This is a nurturing and warming soup that is especially nice in the autumn and winter. This soup is great for kapha and neutral for vata and pitta. Winter squash is considered to be astringent and therefore aggravates vata, but cooked with the water and blended it changes that property and becomes suitable. This soup is generally good for pitta but has some pungent spices like ginger and cayenne. If you or someone in your family has high pitta, add some coconut milk and garnish with cilantro to make it more cooling and balancing.
V↑↓ P↑↓ K↓
2 tsp garam masala
½ tsp nutmeg
a few pinches cayenne
½ tsp turmeric
½ Tbsp fresh ginger root (peeled and grated or diced)
1 small-medium sized butternut squash (peeled and cubed)
(Note: Can use other varieties, kabocha, red kuri, etc.)
2 yams, chopped into bite sized cubes
6 cups vegetable stock (homemade preferred), or water
2 tsp salt
2 tsp succanut
½ cup pumpkin seeds
Cover the bottom of your pot with ghee and warm until melted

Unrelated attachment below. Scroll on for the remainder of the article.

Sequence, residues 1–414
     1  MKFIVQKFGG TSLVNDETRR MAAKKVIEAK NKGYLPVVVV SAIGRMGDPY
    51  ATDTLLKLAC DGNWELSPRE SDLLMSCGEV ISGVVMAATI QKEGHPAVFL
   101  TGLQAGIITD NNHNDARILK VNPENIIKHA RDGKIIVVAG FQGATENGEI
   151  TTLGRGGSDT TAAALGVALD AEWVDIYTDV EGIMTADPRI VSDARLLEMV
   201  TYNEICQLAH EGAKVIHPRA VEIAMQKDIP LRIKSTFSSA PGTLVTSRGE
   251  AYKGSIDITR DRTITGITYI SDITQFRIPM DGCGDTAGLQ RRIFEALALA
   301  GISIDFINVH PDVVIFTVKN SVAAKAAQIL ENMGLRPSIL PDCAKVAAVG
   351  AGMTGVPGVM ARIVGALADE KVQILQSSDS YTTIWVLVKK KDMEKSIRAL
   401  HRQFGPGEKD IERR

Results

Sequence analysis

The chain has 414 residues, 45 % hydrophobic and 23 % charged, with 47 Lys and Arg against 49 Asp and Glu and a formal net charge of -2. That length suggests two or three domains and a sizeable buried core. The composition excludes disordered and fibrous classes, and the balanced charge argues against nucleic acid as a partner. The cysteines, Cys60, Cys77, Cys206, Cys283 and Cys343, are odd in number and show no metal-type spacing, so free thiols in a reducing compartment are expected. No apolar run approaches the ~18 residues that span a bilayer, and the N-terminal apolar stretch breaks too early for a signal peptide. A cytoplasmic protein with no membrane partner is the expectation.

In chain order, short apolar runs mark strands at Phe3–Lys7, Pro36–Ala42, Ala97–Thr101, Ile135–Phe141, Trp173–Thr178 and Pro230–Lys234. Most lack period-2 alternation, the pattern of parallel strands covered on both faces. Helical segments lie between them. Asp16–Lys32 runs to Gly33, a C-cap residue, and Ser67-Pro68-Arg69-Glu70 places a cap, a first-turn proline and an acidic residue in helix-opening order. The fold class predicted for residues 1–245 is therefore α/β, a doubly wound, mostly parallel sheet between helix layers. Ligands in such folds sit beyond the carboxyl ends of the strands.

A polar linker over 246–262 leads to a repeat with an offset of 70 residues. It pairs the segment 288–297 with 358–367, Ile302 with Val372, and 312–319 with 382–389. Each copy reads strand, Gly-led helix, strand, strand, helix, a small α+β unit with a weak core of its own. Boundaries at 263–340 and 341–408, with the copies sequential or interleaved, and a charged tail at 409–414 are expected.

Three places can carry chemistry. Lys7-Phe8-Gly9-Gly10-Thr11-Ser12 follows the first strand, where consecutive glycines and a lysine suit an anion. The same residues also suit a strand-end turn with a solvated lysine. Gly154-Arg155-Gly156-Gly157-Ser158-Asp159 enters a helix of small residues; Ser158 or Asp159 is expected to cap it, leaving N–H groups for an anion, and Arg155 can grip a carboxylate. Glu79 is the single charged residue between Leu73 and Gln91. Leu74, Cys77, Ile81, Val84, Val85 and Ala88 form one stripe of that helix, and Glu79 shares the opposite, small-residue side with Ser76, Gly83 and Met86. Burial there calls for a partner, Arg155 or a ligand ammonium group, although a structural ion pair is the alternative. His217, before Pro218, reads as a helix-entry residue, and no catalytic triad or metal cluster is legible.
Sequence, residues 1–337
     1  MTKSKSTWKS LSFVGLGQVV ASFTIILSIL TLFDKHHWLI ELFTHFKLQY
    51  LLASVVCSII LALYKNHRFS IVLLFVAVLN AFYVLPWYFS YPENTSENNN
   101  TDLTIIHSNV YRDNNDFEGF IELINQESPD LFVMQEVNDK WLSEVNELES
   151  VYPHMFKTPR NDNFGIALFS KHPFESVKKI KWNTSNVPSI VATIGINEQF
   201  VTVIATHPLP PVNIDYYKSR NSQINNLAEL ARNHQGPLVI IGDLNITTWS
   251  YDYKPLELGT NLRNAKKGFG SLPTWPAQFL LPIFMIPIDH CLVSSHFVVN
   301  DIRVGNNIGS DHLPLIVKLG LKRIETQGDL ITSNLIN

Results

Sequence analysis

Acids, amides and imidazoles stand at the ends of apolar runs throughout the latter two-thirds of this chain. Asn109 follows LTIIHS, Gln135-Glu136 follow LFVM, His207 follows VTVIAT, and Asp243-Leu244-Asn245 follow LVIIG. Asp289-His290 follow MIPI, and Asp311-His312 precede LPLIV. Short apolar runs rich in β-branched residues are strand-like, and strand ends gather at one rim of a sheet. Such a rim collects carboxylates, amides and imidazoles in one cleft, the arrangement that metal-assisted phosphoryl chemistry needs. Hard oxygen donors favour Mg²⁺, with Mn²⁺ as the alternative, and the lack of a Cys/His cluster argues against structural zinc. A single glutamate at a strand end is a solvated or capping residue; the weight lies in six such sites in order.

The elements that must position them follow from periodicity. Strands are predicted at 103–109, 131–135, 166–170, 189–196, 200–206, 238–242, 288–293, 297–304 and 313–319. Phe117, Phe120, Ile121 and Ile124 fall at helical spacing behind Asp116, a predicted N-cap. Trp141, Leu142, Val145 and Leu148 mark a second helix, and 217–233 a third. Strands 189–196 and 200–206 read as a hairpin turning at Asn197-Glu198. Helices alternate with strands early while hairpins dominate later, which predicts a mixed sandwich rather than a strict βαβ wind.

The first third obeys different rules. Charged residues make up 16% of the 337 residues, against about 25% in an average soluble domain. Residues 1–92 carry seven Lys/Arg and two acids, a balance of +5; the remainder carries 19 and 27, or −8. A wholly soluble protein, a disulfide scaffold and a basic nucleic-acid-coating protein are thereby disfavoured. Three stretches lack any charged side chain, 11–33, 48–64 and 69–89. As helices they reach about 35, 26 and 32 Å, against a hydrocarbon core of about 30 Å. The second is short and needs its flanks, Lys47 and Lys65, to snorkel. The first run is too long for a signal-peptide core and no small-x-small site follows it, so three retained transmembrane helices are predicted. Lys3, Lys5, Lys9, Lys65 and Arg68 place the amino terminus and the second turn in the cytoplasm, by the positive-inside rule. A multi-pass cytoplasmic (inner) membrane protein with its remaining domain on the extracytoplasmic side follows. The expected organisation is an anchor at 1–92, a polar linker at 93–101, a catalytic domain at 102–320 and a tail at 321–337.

Add garam masala, nutmeg, cayenne and turmeric cayenne and fresh ginger and warm until fragrant. (be careful, these spices burn easily)
Add the cubed squash and yams and stir until coated with ghee/spice mixture
Add the stock or water and bring to a boil
Simmer until vegetables are soft
Meanwhile place the pumpkin seeds in a pan and heat until they become golden and puffed out (they may make popping sounds like popcorn). Then place in a bowl for garnish.
Blend with a hand blender or transfer in batches to a blender. Take care not to overfill the blender or the heat will create pressure and blow off the top.
Serve hot and garnish each bowl with roasted pumpkin seeds
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Serving nourishing, delicious Ayurvedic food has always been a cornerstone of our trainings and one of things students most enjoy. Over the years, the wonderful cooks who have come into our kitchen have created, worked and reworked our trusted recipes, most recently assembled by Mira Murphy into our simple cookbook available here.